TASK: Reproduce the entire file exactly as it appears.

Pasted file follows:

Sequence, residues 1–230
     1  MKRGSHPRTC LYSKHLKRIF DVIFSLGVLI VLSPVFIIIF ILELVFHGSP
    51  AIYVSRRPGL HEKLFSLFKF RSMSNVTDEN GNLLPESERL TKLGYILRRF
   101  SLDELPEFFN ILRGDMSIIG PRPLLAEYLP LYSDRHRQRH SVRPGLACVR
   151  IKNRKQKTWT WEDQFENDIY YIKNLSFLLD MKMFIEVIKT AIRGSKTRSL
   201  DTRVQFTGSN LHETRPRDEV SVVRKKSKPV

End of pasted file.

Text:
Sequence, residues 1–230
     1  MKRGSHPRTC LYSKHLKRIF DVIFSLGVLI VLSPVFIIIF ILELVFHGSP
    51  AIYVSRRPGL HEKLFSLFKF RSMSNVTDEN GNLLPESERL TKLGYILRRF
   101  SLDELPEFFN ILRGDMSIIG PRPLLAEYLP LYSDRHRQRH SVRPGLACVR
   151  IKNRKQKTWT WEDQFENDIY YIKNLSFLLD MKMFIEVIKT AIRGSKTRSL
   201  DTRVQFTGSN LHETRPRDEV SVVRKKSKPV